• Prisons: In 1997, the Federal Government contracted with private companies to house and rehabilitate Federal prisoners. In August 2016, the program was eliminated due to safety and security problems, fewer rehabilitative services available (i.e. education, training for inmates, etc.) and no substantial cost savings.

Summary – Did You Know: Privately-operated charter schools in Texas:

  • Are authorized by the State to operate as separately managed schools in the boundaries of school districts;
  • Are funded from local school district property taxes;
  • Decrease the funding available for students attending their local school district;
  • Increase the cost of local taxpayers;
  • Issue taxpayer supported bonds to build facilities in school districts, without taxpayer approval;
  • Do not have any debt limitations and are permitted to issue “non-investment grade” bonds (commonly referred to as “junk bonds”) to fund their expansion;
  • May construct facilities with public funds that the State and taxpayers may not own;
  • Can close, relocate and stop serving existing students – TEA lists that 108 charters have closed;
  • Are governed by an appointed board, which often reside and meet outside the service area of their campuses;
  • Can expend “taxpayer dollars” in other states through management or construction agreements with affiliates;
  • May have a lower academic accountability rating than the school district they operate within;
  • Annually produce a total number of graduates that is less than Houston ISD; andFurther segregate students in local communities.

School Districts Can Form Charter Schools:

Given a charter school may benefit students within certain
communities, the State also authorizes school districts to open charter schools in their school district, as locally deemed appropriate. According to Ask TED, there are currently 55 district-run charter campuses operated by school districts.

School Districts – An Economic Driver:

Texas school districts are the “heartbeat” and “identity” of the
communities that make up the thriving Lone Star State. School districts are one of the largest employers, directly impact housing demand/prices and successfully provide an educated and skilled workforce to support additional corporate investment throughout Texas. An analysis completed by “AngelouEconomics” entitled “Economic Impact Analysis: Fast Growth School Districts in Texas” stated that the spending in fast-growing school districts resulted in $70.5 billion of increased economic activity between years 2000-2014. To put the economic importance of Texas school districts into perspective, the highly sought Amazon Headquarters 2.0 expansion is estimated to create 50,000 jobs and Exxon Mobil has 71,100 Texas employees – Texas school districts employ over 660,000 in our local communities.


While the topic of privately-operated charter schools can be polarizing; there is no doubt that certain privately-operated charter schools have positively benefitted students. For example, the 10% of charters providing “alternative education” programs and serving students with dropout recovery and residential treatment programs deserve many accolades. In addition, other charters have positively influenced students. However, in a society that stresses local control, the State unilaterally approving over 800 privately-managed charter campuses to serve existing school districtstudents, diverting local taxpayer funds to fund privately-operated charters without community approval, permitting charters to issue taxpayer funded bonds without voter approval and providing financial incentives for school districts to partner with privately-operated charter schools are strong indications of the State’s preference to turn “Independent School Districts” into “Privately-Run State School Districts”. The reality is that after 23 years of experimentation and $20 billion of taxpayer funds, the facts do not support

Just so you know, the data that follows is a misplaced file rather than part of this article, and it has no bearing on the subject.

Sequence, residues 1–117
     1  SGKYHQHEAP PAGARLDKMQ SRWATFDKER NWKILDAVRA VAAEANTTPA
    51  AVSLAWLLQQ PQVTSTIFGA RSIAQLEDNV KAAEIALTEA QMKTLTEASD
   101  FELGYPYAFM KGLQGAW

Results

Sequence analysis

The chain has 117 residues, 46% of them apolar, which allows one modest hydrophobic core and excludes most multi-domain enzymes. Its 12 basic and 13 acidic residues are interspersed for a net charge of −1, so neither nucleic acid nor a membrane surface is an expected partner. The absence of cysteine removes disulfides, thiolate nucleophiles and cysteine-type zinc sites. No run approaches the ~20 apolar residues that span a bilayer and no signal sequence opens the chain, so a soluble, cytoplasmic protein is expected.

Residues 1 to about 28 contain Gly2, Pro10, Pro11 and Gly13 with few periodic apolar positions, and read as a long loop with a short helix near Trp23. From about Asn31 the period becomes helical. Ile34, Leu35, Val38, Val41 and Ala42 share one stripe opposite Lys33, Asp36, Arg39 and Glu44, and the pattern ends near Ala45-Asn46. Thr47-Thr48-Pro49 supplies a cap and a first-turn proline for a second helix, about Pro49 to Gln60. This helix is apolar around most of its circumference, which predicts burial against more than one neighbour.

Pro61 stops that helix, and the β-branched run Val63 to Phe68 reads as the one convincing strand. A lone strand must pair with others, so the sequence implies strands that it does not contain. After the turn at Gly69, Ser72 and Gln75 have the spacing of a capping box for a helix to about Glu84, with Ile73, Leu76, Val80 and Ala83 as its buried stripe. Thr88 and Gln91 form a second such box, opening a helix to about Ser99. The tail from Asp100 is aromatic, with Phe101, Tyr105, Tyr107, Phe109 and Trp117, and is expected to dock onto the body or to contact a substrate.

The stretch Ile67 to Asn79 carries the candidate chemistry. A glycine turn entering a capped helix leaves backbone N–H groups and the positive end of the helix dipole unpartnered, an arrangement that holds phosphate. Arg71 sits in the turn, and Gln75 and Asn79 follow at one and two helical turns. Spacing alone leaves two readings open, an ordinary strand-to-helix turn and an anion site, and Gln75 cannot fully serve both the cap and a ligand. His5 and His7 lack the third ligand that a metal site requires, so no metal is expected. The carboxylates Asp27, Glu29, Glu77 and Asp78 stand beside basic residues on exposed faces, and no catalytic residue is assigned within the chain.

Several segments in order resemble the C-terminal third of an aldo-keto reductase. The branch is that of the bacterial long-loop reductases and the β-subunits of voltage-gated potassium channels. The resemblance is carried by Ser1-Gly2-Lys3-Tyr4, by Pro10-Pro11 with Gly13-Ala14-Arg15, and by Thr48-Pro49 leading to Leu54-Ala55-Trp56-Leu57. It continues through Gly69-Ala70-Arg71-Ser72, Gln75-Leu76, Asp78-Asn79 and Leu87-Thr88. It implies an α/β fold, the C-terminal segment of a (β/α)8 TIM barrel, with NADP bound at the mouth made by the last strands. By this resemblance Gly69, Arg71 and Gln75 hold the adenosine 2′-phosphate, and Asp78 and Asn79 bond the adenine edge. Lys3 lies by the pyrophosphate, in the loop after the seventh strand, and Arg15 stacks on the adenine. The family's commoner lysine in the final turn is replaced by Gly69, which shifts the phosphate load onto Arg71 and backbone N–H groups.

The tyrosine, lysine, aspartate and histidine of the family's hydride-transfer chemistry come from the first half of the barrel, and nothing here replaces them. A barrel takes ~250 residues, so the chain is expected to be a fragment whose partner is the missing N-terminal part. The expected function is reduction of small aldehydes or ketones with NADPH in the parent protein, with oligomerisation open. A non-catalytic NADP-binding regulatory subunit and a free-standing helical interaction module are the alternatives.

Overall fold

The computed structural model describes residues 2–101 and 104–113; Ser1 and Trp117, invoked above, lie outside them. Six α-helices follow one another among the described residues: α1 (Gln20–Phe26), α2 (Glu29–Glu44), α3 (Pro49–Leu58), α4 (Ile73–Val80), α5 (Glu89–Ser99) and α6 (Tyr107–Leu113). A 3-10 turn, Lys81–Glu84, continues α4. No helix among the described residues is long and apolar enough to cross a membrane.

that students, parents and taxpayers are better served by the State’s dual education system. The facts do not support that privately-operated charters academically outperform local school districts. The facts do not support that privately-operated charters serve a higher proportion of “economically disadvantaged” students in their chosen service areas. The facts do not support the State’s continued expansion of privately-operated charter schools across Texas as 73.4% of charter students reside in school districts that the State currently rates as “high-performing”.

Despite the proven success of Texas school districts that serve communities with lower student/teacher ratios, more experienced teachers, more dollars for instruction, a wider array of co/extra-curricular choices and more social, health and community services, it is unfortunate that the facts do support that the State’s dual education system operates at the expense of local taxpayers and school districts that serve 94% of all students. The following quote exemplifies the potential consequences of the State’s dual education system and its privatization efforts: “the ship of democracy, that has weathered all storms, may sink through the mutiny of those aboard” – Grover Cleveland. These are my observations and my conclusions. Given what is at stake, it is far more important for parents, taxpayers and communities to independently review the facts and reach their own conclusions. Since it is your tax dollars, your students and your community, you are encouraged to review other sources to determine if the State’s dual education system is best for your local community. You may just find that your local school district is pretty-damn good and as vested members of the community, administrators, teachers, support staffs and board members willingly serve without much fanfare because it is not about the money, enrollment growth or a certain
segment of students – it is about caring for the unique needs of all students that enter their classrooms, every day and every year.

DISCLOSURE: This material is based upon the sources identified herein. While the author believes these
sources to be reliable, the author has not independently verified the information. The opinions herein are solely
the authors and the author has not been compensated in any manner for the preparation of this material. The
author is not employed by any entity that has a contractual agreement with a Texas school district or an
employee thereof.

William J. Gumbert


William J. Gumbert has 32-years of prior experience as a public finance investment banker. During his career, he also held various management positions within the public finance departments at both national and regional financial service companies. Mr. Gumbert specialized in Texas school district finance and was fortunate to serve as a financial advisor to various school districts across Texas. Given the state of public education, Mr. Gumbert voluntarily retired in May 2018 to advocate for the interests of school districts and the communities they serve.

Find the Press Release here.